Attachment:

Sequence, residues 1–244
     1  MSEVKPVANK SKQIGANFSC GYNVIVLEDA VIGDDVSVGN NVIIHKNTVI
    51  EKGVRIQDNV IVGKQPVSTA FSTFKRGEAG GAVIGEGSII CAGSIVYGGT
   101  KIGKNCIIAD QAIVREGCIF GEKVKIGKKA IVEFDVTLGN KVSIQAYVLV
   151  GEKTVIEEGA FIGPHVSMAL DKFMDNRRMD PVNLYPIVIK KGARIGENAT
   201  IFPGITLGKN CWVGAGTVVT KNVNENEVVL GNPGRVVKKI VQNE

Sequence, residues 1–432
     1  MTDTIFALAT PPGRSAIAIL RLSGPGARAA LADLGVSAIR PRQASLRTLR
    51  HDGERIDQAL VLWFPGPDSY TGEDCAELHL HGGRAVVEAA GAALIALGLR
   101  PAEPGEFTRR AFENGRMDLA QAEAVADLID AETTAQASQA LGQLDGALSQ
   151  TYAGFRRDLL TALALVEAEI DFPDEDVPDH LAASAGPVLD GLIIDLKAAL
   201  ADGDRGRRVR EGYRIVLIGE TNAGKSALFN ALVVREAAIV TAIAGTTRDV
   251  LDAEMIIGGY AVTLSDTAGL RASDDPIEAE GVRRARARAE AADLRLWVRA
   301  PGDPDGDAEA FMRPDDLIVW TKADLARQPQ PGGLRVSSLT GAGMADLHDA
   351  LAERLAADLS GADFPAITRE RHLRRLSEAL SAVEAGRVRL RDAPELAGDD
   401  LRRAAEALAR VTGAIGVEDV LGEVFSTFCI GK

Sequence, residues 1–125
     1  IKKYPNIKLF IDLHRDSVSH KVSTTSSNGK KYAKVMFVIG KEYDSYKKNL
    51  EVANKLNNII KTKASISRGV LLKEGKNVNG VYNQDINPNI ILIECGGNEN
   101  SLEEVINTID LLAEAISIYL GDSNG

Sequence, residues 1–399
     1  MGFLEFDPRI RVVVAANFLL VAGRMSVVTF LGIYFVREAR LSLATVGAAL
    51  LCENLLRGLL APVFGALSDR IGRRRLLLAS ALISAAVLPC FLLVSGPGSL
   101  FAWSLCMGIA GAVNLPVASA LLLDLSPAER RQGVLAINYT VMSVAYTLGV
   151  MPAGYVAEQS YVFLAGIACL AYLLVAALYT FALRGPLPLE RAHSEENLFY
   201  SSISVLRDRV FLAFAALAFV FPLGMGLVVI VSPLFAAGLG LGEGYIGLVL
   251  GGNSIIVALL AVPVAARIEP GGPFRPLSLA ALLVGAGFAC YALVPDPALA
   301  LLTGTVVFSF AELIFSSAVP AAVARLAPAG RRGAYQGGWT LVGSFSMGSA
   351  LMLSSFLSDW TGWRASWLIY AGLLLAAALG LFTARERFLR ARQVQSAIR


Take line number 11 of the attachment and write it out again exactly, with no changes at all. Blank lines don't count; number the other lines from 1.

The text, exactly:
   151  TYAGFRRDLL TALALVEAEI DFPDEDVPDH LAASAGPVLD GLIIDLKAAL